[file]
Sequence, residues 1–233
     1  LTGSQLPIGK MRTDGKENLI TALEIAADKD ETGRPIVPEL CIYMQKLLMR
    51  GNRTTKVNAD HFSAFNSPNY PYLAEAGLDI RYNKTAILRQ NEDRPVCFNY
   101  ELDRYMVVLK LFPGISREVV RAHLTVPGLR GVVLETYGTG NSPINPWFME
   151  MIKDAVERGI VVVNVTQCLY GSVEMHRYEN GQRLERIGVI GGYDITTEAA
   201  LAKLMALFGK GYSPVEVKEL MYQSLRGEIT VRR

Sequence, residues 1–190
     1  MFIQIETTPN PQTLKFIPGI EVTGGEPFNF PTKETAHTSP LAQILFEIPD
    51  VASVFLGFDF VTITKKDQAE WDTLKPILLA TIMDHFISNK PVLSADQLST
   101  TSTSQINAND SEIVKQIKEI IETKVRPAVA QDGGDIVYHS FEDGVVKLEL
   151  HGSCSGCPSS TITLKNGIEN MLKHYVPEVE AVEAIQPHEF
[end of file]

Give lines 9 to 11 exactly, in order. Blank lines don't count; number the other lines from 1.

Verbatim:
    51  VASVFLGFDF VTITKKDQAE WDTLKPILLA TIMDHFISNK PVLSADQLST
   101  TSTSQINAND SEIVKQIKEI IETKVRPAVA QDGGDIVYHS FEDGVVKLEL
   151  HGSCSGCPSS TITLKNGIEN MLKHYVPEVE AVEAIQPHEF